Montana’s path to musical salvation was no easy road to hoe. “I grew up living off the grid in a trailer in remote Montana,” Tim recounts. “We didn’t have TV, and we didn’t have electricity — we had lanterns and candles. But at the early age of 6, I got a guitar, and that was my only escape.”

Music was not exactly a priority in the Montana household. “My parents didn’t really like music,” Tim admits. “Music was not played throughout the house. We’d have to run a wire from our pickup truck to this little tiny radio, but it would only play Rush Limbaugh in every room.” 

To get his own regular audio fix, Montana had to improvise. “I just gravitated towards music,” he observes. “I got CDs from the pawnshop my stepdad ran at the time, and I had a battery-operated CD player that I’d fire up so I could listen to a lot of ZZ Top, Creedence Clearwater Revival, and the Charlie Daniels Band.”

Soon, his guitar became his best friend. “I used to have to sneak my guitar out because my stepdad was against me playing music,” Montana acknowledges. “It was the only thing I did for fun, and I wasn’t allowed to take it to school. I remember my mom would create a diversion, and I’d open the back window of our trailer, drop my guitar into a snowbank, walk outside, and sneak it to school. One time, I ended up winning a talent show. And that was trouble, because it made the newspaper, and I was so freaked out he was going to read about it: ‘You won the talent show, and you’re not allowed to play music at school!’”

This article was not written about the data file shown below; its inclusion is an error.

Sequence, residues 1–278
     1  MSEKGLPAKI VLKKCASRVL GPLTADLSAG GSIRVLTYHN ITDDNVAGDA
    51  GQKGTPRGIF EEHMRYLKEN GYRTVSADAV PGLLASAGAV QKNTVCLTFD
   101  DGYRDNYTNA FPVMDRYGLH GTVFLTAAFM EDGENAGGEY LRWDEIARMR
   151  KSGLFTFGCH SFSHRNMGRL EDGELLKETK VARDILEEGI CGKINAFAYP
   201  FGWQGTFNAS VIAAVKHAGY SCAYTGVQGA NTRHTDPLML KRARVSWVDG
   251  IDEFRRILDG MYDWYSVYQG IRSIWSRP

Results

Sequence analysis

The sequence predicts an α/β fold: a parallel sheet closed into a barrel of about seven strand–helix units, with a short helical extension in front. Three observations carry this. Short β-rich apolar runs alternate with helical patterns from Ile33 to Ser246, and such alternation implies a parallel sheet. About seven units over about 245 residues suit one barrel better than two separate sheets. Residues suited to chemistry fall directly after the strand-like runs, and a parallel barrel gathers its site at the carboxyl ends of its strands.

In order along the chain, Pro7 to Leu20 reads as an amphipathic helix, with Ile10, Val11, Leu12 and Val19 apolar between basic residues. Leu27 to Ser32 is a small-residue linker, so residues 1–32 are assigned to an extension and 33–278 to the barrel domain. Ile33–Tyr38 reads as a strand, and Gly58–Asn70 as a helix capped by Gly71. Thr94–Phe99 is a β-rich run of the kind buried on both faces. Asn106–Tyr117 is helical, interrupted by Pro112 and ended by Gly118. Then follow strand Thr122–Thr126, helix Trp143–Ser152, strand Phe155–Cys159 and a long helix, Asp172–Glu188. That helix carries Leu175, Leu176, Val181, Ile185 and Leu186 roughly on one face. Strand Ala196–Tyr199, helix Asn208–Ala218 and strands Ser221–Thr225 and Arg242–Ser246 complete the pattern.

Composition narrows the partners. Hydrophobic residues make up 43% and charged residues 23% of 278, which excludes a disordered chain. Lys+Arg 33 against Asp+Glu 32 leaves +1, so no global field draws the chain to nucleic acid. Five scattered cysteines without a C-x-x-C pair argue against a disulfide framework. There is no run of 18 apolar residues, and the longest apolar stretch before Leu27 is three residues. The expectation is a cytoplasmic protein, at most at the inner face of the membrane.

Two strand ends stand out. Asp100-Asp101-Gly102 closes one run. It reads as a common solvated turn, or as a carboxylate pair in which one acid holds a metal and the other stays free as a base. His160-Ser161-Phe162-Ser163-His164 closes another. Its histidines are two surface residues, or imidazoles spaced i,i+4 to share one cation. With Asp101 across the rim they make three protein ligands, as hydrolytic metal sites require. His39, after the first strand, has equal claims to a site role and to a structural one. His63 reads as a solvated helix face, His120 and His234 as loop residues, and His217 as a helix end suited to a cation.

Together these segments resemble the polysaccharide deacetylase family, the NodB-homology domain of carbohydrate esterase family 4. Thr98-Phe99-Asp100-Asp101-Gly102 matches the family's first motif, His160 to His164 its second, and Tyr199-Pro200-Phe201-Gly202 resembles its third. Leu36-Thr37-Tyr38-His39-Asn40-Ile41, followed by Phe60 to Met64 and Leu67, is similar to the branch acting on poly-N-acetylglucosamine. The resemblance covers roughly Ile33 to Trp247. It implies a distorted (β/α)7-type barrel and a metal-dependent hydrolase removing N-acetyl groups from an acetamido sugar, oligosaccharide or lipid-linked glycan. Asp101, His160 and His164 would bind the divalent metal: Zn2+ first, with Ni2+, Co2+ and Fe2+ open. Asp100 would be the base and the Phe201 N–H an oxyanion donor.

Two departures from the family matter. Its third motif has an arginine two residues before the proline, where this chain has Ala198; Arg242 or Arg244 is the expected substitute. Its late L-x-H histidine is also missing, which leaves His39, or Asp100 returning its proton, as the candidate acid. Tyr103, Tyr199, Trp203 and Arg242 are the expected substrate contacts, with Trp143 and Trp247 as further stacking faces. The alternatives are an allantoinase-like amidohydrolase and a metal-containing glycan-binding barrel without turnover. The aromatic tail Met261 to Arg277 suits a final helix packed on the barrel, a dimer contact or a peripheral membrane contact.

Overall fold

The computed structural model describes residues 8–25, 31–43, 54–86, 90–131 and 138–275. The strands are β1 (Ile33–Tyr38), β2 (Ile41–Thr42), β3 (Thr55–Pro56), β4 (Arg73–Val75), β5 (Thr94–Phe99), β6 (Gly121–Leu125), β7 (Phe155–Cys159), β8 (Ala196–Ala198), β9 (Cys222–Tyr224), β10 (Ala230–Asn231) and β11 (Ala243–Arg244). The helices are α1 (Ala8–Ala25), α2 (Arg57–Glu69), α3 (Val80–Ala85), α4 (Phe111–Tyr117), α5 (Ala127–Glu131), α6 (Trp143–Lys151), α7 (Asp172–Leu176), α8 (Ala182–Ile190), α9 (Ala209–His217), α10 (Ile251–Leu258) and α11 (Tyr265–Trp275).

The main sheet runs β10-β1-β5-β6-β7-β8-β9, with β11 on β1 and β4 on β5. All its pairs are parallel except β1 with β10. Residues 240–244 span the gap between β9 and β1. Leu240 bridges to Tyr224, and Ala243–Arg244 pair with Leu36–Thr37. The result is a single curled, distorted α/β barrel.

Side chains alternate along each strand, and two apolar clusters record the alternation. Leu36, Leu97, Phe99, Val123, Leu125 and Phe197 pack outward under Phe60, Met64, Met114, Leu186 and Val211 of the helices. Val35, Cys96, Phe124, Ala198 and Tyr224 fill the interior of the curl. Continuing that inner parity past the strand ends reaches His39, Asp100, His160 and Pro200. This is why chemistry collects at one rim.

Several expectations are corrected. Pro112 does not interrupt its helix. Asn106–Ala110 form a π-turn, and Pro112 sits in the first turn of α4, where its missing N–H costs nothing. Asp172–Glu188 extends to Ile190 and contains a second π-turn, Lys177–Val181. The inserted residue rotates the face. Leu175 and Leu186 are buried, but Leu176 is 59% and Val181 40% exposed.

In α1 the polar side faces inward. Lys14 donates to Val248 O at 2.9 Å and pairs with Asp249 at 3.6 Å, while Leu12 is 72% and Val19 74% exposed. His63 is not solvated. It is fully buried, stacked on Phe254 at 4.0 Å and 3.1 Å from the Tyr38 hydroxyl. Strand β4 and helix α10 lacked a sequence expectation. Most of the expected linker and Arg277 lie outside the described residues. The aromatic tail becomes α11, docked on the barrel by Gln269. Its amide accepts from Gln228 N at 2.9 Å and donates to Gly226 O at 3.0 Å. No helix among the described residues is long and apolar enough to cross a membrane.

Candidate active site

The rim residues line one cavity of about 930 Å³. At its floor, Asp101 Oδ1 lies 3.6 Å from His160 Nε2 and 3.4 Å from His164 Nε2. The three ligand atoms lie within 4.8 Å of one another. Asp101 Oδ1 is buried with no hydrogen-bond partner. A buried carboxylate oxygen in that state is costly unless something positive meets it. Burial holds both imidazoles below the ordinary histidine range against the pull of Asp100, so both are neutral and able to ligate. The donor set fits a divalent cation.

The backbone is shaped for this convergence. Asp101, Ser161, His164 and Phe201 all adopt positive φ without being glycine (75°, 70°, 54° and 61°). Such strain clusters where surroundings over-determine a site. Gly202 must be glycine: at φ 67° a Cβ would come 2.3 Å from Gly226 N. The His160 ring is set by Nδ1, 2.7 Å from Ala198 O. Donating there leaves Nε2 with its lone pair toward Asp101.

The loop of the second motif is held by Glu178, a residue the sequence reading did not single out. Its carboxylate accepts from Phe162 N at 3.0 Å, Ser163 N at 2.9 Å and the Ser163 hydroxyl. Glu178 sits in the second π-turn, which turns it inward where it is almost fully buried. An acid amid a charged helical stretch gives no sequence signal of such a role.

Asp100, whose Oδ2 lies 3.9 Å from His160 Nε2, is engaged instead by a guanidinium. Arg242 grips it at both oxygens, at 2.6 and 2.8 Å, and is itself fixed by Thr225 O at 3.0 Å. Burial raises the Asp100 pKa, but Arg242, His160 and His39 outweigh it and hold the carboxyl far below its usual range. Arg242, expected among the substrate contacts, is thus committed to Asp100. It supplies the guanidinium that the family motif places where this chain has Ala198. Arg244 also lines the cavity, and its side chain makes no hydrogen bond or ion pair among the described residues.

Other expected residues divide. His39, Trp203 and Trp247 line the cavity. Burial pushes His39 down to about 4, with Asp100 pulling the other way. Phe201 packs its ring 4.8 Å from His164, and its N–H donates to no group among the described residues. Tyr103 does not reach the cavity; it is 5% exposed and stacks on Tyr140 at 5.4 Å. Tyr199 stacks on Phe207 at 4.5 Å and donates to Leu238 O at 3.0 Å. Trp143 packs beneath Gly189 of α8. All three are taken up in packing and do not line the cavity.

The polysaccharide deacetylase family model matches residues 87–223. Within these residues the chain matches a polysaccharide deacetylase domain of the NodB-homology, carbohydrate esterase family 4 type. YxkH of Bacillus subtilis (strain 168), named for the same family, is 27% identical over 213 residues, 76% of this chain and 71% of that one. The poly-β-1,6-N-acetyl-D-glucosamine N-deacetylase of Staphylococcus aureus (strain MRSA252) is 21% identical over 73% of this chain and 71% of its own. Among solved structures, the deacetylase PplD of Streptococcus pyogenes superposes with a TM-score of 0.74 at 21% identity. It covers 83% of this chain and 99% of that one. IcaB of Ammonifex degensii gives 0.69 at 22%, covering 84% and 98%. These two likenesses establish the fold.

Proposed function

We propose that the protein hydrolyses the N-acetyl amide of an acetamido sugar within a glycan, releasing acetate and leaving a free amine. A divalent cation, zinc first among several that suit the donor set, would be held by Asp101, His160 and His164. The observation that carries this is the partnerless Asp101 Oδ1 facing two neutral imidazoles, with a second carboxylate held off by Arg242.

After spending some time on the West Coast caring for animals and going to music school in Los Angeles, Tim eventually landed in Nashville, but his Big Sky roots paid off in a big way when a certain music-loving talk show host by the name of David Letterman heard him play at a rodeo in Choteau, Montana in 2007. A year later, Montana got a personal invite from Dave himself to perform on The Late Show With David Letterman in New York. “It was really premature in my career, and I really didn’t know what I was doing,” he admits. “I was just a guy from Montana singing songs, and I got this huge platform. It’s my one shot, so I sang a song about my hometown called ‘Butte America.’ It got me in the newspapers in Montana and I went, ‘Wow, I made a headline! I met Dave there! I’m gonna go back and play some shows!’”

And while his Late Show performance indeed went well, it didn’t launch Montana to the next level. “I came off thinking I’m going to get all these calls from people, but that didn’t really happen,” he says. “So I had to keep working at it. I had to put out another record.”